We were referred to another property management company, but that has proved useless.

    The hotel that closed and booted us was the Windrose in Savannah. The property management company is Lucky Savannah. Wedding is June 24, w rehearsal June 23, and people are coming from all over including Germany, UK and Canada.

    I don’t want to go to small claims, but I will if I have to.

    I also may contact the local media.

  5. Austin787 New Member

    I witnessed an involuntary hotel cancellation several years ago. I was staying at Blooms Hotel in Dublin, Ireland and sitting in the lobby near the check in desk. A family with an infant arrived around 10pm. The clerk working the desk informed them their reservation was cancelled because of a problem with their credit card and the hotel was unable to contact them. Hotel was fully booked so no more rooms available. The clerk was...

    I witnessed an involuntary hotel cancellation several years ago. I was staying at Blooms Hotel in Dublin, Ireland and sitting in the lobby near the check in desk. A family with an infant arrived around 10pm. The clerk working the desk informed them their reservation was cancelled because of a problem with their credit card and the hotel was unable to contact them. Hotel was fully booked so no more rooms available. The clerk was apologetic but there was nothing he could do beyond giving them the wifi code so they could search for another hotel.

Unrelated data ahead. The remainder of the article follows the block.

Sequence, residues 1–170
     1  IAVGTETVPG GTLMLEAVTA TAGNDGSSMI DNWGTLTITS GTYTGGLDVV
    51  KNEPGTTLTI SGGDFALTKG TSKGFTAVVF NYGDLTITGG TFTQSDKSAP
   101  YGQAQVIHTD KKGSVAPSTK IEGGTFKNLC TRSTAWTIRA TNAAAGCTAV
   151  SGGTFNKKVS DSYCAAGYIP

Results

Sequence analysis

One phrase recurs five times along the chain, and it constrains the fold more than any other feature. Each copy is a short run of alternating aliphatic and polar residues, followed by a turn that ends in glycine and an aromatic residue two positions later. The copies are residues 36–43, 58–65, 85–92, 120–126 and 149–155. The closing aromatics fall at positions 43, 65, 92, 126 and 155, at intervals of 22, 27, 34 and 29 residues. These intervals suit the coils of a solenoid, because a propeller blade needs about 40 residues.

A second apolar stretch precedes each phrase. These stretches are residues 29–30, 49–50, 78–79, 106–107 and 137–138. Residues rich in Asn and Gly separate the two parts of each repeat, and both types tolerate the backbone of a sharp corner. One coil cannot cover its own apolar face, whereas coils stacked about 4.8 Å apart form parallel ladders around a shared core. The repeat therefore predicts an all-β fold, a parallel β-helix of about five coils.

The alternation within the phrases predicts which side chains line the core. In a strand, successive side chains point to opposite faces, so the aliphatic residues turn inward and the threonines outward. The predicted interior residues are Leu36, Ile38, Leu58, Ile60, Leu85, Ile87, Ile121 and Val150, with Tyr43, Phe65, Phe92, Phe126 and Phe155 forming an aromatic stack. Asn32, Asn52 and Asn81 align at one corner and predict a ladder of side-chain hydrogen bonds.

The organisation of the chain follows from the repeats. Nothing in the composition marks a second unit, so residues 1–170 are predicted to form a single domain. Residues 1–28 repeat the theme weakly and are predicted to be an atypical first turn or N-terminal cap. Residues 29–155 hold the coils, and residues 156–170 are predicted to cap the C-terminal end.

6. William Guest

    I was walked by the Kimpton La Peer Hotel in West Hollywood for my birthday weekend when the hotel was booked by some Hollywood/entertainment firm for their Oscar’s party weekend. It turned out to be the best experience because they gave me a choice of the local Four Seasons as well as the then-Viceroy L’Ermitage in Beverly Hills which is an all-suite hotel. The Viceroy L’Ermitage in turn upgraded me to a gigantic suite. Best upgrade ever!

  7. Rupert Guest

    Love your blog, but it is terrible advice "that you can't do much short of small claims court" . As you correctly state, these situations fall under contract law. The situation in all these scenarios is absolutely clear: you have a binding agreement for accommodation and if the hotel cancels, you have a right to comparable accommodation.
    While most call centers will try to avoid providing what they owe, they all KNOW the law,...

    Love your blog, but it is terrible advice "that you can't do much short of small claims court" . As you correctly state, these situations fall under contract law. The situation in all these scenarios is absolutely clear: you have a binding agreement for accommodation and if the hotel cancels, you have a right to comparable accommodation.
    While most call centers will try to avoid providing what they owe, they all KNOW the law, they know they'd loose in small claims court (and would suffer from the publicity that may come with it) and will follow the rules, if you stay firm.
    Clearly state what you want and that you know the law. Escalate as necessary ( use Cris Elliott's customer advocacy contact info) until you get what's owed to you.